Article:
1. We definitely live in a very materialist age where cause and effect get defined in basic materialist terms (even though Hume effectively demonstrated that noting sequence can never prove causality). The idea that thoughts create reality seems off the wall given the current conventional wisdom, but it makes sense philosophically and scientifically. The Dalai Lama wrote a book “The Universe in a Single Atom” where he explored the connections between Buddhist thought and quantum mechanics. The more I read on modern physics it seems that the world as it appears to us — material, governed by static laws in a steady march forward in time — is an illusion. In fact, it’s become common among physicists not to let themselves think of the implications of their science, it’s too bizarre. But it works, so they use it.

    If reality is a kind of illusion (there are also theories of the universe and the brain itself being holograms of a sort — serious scientific theories), then the source has to come from somewhere outside material experience. It’s logical to see thoughts, moods, and emotions as giving rise to material consequences. At the very least, it is not as strange an idea as it seems to people caught up in a very materialist mindset.

  2. Thanks, Scott, for commenting. I can’t even imagine how busy you are with your teaching, and your own extensive and insightful writing, so I really appreciate the time you take to show up here.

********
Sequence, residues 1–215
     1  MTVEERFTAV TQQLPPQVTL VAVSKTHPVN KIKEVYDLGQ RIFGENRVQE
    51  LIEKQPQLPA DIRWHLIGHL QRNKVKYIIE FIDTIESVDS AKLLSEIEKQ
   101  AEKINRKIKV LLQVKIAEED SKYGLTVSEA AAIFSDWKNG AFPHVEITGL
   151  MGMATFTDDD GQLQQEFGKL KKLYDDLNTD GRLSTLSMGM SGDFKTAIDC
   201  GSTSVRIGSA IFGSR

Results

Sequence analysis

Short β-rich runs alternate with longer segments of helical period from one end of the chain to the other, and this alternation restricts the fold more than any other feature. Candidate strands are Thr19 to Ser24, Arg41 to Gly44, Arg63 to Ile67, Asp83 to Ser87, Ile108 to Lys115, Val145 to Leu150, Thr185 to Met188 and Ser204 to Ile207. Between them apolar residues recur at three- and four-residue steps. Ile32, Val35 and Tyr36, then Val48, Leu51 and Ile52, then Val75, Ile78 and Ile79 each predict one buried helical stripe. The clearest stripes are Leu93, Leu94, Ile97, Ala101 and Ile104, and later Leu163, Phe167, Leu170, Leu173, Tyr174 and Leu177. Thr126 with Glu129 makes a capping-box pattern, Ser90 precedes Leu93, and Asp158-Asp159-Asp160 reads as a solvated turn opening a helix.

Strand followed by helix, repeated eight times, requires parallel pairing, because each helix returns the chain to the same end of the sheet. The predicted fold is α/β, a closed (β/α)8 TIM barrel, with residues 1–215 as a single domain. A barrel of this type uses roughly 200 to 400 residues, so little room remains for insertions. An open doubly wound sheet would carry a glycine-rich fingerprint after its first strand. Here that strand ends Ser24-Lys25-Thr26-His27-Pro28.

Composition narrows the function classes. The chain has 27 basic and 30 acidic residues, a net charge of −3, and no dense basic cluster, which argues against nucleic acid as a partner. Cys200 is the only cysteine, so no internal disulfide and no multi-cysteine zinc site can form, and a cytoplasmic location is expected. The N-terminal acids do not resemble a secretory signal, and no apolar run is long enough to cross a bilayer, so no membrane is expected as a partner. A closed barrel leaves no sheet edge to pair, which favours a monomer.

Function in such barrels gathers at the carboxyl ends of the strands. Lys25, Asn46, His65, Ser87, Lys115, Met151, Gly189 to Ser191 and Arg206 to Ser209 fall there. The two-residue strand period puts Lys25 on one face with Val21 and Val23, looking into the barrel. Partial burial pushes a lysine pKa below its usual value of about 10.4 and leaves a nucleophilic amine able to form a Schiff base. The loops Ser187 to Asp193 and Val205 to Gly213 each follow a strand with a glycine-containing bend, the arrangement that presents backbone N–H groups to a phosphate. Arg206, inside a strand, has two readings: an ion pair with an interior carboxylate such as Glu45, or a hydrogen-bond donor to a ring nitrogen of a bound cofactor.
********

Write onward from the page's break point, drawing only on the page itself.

I agree, there is a world we can see with our eyes, and a world we can’t see with our eyes. The invisible world, I believe, is where our thoughts first take form and then, if we think them enough, they take physical form. I don’t think we will ever have peace unless we can first observe and correct our dark thoughts.

  3. For me… Dr. King exemplifies the nonviolent struggle best for me (second to Jesus), as one here in the american context, who turned the other cheek as a way of life rather than just in particular incidents.

    And central to King’s understanding of life is that we are truly bound up together, and that an “injustice anywhere is a threat to justice everywhere”. Like you said, “let’s work this out together.”

    • Dr. King is one of my heroes, and inspirations. Talk about the courage of a gentle soul. I will always be awed by what he did, in the time period he did it. He gave his life for a higher calling and because he did, he changed his country in profound ways. He opened a door the rest of us will walk through. Thank you for commenting about another Man with a Plan.

  4. Total love and forgiveness certainly seems a far way of for humanity, but it is their destiny. Be ye perfect as your Father is in Heaven is an unstoppable dictum. God is inevitable progress and our oneness with Him is inevitable, thank goodness.

    • Thank you, I agree! Things seem discouraging some days, but love and wholeness are who we are and to there we are returning. 🙂